Custom Loss (autograd & Module ), What is the difference?

I found some codes of ‘dice loss’ for binary segmentation.
These are codes

1. Using autograd.

class Diceloss(torch.autograd.Function):
    def forward(ctx, input, target):
        ctx.save_for_backward(input, target)
        num = input.size()[0]
        eps = 0.0001
        ctx.inter =, target.view(-1))
        ctx.union = torch.sum(input) + torch.sum(target) + eps

        t = (2 * ctx.inter.float() + eps) / ctx.union.float()
        return (1-t)/num

    def backward(ctx, grad_output):
        input, target = ctx.saved_variables
        grad_input = grad_target = None

        if ctx.needs_input_grad[0]:
            grad_input = grad_output * 2 * (target * ctx.union - ctx.inter) \
                         / (ctx.union * ctx.union)
        if ctx.needs_input_grad[1]:
            grad_target = None

        return grad_input, grad_target

and, I used this code like this.

criterion = Diceloss.apply
loss = (predicted_mask, true_mask)

2. Using nn.Module

class BinaryDiceLoss(nn.Module):
    """Dice loss of binary class
        smooth: A float number to smooth loss, and avoid NaN error, default: 1
        p: Denominator value: \sum{x^p} + \sum{y^p}, default: 2
        predict: A tensor of shape [N, *]
        target: A tensor of shape same with predict
        reduction: Reduction method to apply, return mean over batch if 'mean',
            return sum if 'sum', return a tensor of shape [N,] if 'none'
        Loss tensor according to arg reduction
        Exception if unexpected reduction
    def __init__(self, smooth=1, p=2, reduction='mean'):
        super(BinaryDiceLoss, self).__init__()
        self.smooth = smooth
        self.p = p
        self.reduction = reduction

    def forward(self, predict, target):
        assert predict.shape[0] == target.shape[0], "predict & target batch size don't match"
        predict = predict.contiguous().view(predict.shape[0], -1)
        target = target.contiguous().view(target.shape[0], -1)

        num = torch.sum(torch.mul(predict, target), dim=1) + self.smooth
        den = torch.sum(predict.pow(self.p) + target.pow(self.p), dim=1) + self.smooth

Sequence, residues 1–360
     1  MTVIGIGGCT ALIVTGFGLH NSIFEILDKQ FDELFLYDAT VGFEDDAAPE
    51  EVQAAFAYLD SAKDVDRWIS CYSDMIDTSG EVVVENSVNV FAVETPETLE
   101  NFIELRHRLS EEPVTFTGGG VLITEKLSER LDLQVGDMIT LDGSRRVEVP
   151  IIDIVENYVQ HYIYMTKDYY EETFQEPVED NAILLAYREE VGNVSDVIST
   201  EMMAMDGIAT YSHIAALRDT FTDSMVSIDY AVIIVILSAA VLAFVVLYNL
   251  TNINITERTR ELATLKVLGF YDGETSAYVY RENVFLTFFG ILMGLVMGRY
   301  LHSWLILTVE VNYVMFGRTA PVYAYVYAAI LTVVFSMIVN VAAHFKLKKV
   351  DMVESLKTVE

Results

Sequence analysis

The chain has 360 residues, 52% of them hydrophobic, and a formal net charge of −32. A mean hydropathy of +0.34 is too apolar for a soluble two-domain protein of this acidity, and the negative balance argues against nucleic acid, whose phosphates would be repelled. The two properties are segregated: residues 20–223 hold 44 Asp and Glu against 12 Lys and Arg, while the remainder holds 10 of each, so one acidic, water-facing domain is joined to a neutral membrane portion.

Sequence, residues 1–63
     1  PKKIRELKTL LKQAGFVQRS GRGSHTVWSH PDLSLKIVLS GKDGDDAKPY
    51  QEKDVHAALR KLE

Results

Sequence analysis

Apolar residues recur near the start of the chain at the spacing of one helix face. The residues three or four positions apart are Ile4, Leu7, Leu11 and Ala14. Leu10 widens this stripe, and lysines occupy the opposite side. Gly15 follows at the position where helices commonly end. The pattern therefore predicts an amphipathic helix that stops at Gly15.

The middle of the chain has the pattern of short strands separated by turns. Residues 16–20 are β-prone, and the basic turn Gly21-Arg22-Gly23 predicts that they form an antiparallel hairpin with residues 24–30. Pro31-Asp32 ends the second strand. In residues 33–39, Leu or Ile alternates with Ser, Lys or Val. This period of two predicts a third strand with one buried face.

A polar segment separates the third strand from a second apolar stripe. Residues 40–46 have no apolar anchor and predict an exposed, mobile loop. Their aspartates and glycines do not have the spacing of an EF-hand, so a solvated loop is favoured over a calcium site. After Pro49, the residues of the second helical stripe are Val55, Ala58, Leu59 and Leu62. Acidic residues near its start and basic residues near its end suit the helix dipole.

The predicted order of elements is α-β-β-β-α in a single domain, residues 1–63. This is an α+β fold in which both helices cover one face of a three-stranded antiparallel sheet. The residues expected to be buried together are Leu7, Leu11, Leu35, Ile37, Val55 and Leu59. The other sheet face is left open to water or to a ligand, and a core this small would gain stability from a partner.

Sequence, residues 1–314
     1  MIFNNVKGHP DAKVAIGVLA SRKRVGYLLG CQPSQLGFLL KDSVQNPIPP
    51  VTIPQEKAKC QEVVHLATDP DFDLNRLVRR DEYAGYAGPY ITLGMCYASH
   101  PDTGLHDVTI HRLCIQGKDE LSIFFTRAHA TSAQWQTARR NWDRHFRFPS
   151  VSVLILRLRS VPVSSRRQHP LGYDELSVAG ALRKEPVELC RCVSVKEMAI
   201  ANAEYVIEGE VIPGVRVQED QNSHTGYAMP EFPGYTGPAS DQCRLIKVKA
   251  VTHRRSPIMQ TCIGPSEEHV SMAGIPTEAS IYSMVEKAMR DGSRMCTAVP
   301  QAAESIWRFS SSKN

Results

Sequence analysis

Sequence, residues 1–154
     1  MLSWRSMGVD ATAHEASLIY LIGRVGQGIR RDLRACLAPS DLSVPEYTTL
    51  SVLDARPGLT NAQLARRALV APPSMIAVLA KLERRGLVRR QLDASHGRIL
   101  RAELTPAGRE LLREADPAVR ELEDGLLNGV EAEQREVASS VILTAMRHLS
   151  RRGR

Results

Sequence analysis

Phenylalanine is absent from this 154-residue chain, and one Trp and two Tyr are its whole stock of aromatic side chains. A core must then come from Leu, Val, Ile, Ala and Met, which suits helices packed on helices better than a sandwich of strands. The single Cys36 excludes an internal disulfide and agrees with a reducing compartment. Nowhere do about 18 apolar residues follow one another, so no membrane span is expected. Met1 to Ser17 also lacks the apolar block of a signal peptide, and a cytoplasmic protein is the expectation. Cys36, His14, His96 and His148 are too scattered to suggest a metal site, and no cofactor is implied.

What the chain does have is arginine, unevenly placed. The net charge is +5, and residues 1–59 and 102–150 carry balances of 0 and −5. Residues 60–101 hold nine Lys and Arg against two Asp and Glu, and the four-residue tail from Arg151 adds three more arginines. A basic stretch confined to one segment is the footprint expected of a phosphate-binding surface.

loss = 1 - num / den

        if self.reduction == 'mean':
            return loss.mean()
        elif self.reduction == 'sum':
            return loss.sum()
        elif self.reduction == 'none':
            return loss
            raise Exception('Unexpected reduction {}'.format(self.reduction))

and, I used this code like this

criterion = BinaryDiceLoss()
loss = criterion(predicted_mask, true_mask)

In this result, both seemed to run well but, the loss was not decreased in the case of first.
On the contrary, the second ran well.

And, I referenced this link “”.

but, the code using ‘autograd’ didn’t run well.

What is the difference between ‘autograd(forward, backward)’ and ‘nn.Module(only forward)’
Which case do I use autograd( including both forwarding and backwarding function) or nn.Module(forward function not including backward function)



From a quick look, it seems like your Module version handles batch differently than the autograd version no?

Also once you are sure that the forward give the same thing, you can check the backward implementation of the autograd with: torch.autograd.gradcheck(Diceloss.apply, (sample_input, sample_target)), where the inputs are double precision, with the input requirering gradients.

Thanks. I will check this.
Can I give you another question?
Suppose that both forward and backward function of autograd are implemented correctly, What are the differences between two custom loss functions that are based on respectively ‘autograd’ and ‘nn.Module’?

The will give you exactly the same result (up to float numerical precision).
The one based on autograd might use less memory and be slightly faster if you have a spacial backward that is more efficient than the automatically generated one. But it is usually not recommended to do it as it is more complex and more error prone.

1 Like

Nice. Thanks!! It’s so helpful